'Airbus' Autonomous Air Taxi Completes its First Test Flight

Thursday, 01 February 2018 - 9:27PM
Technology
Thursday, 01 February 2018 - 9:27PM
'Airbus' Autonomous Air Taxi Completes its First Test Flight
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Vahana.aero
We're getting ever closer to the day when we can ride flying taxis from place to place, passing straight over crowded roads in a craft that's somewhere in between a helicopter and a drone.

Airbus has just announced that they've completed the first successful test flight for their "Vahana" autonomous air taxi, hitting a major milestone in the self-piloted craft's development. The flight was only 53 seconds long, and the craft managed to travel 16 feet into the air before landing, but it's a modest start for a product that still feels like it's in the realm of science fiction.

That particular flying taxi model, dubbed "Alpha One", sits at 20.3 feet (6.2 meters) wide, 9.2 feet (2.8 meters) tall, and weighs in at 1642 pounds (745 kilograms). So getting one of those off the ground was a big deal, even for such a short amount of time.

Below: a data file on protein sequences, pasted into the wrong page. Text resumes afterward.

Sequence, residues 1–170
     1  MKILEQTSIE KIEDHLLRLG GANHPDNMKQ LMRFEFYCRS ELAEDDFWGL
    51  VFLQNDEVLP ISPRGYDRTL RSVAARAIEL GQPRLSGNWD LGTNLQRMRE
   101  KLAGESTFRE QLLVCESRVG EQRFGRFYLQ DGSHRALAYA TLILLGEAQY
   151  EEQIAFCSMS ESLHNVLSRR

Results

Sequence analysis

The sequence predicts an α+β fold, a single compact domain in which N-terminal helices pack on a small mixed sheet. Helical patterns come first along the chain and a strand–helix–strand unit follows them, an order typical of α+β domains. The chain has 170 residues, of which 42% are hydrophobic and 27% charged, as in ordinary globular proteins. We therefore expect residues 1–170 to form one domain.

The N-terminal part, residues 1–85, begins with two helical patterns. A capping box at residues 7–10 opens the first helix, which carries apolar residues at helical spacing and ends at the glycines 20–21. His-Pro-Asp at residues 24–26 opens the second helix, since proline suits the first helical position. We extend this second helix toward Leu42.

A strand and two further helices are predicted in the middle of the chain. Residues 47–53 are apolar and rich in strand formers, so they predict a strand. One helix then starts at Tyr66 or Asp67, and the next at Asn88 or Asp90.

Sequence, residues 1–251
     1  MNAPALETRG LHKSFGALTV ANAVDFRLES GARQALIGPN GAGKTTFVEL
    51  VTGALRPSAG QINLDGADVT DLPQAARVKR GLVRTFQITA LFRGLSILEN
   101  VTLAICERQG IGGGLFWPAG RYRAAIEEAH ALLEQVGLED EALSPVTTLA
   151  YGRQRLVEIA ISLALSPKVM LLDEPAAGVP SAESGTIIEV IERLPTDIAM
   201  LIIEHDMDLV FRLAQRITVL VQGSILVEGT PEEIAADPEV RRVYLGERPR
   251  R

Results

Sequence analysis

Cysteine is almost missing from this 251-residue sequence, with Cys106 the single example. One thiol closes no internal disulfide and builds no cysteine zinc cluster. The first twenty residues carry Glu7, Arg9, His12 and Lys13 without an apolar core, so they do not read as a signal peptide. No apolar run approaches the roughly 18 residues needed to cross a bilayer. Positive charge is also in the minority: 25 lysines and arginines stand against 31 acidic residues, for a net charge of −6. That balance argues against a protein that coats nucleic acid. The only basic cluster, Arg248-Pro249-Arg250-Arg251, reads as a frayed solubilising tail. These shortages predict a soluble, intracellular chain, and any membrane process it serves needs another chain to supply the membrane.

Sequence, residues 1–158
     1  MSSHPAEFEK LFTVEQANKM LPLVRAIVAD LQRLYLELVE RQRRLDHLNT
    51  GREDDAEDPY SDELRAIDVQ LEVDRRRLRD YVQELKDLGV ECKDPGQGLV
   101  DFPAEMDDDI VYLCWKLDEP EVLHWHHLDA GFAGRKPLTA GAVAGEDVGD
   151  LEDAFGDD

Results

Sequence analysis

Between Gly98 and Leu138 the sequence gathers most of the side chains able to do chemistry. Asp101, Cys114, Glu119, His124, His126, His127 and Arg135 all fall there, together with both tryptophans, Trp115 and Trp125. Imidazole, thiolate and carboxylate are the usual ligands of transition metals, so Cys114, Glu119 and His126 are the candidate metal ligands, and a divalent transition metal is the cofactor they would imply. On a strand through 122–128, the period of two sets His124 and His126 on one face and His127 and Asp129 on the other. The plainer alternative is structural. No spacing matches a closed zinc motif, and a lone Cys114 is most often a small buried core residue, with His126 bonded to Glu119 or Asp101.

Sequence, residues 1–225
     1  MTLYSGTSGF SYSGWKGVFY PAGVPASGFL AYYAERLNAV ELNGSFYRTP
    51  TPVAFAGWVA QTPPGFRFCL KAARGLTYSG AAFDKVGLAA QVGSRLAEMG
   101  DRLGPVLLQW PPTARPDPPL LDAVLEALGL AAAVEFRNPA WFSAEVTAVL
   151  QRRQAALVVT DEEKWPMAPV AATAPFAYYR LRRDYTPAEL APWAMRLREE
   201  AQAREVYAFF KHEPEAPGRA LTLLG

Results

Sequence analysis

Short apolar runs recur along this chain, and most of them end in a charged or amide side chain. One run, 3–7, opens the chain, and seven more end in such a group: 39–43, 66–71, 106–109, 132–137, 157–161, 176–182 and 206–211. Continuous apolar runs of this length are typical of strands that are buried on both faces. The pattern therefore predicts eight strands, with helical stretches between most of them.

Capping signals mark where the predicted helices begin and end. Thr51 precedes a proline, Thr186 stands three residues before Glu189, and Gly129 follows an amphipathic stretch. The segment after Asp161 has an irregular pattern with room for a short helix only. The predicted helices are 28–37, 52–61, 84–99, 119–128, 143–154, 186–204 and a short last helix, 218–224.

The team in charge of the test flight (as well as a similarly successful flight shortly after) is called Project Vahana, a team who works at Airbus' experimental Silicon Valley branch, called A3. In a blog post, the team went into detail about what they're hoping to accomplish:

Opening quote
"Our aim has long been to design and build a single passenger electric VTOL self-piloted aircraft that will answer the growing need for urban mobility. Our goal is to democratize personal flight by leveraging the latest technologies such as electric propulsion, energy storage, and machine vision. Our first flights mark a huge milestone for Vahana as well as the global pursuit of urban air mobility."
Closing quote


The eventual goal is to have a flying taxi that's ready for production by 2020. This first flight was already delayed by a couple months, but it still seems like they're on track to hit that deadline. Or at least, we've seen little else to suggest otherwise.

By 2020, we might start seeing more self-driving cars (or underground Boring Company tunnels) that will help make the roads less packed with disgruntled commuters - but it's still nice to know we'd be able to just fly over it all.
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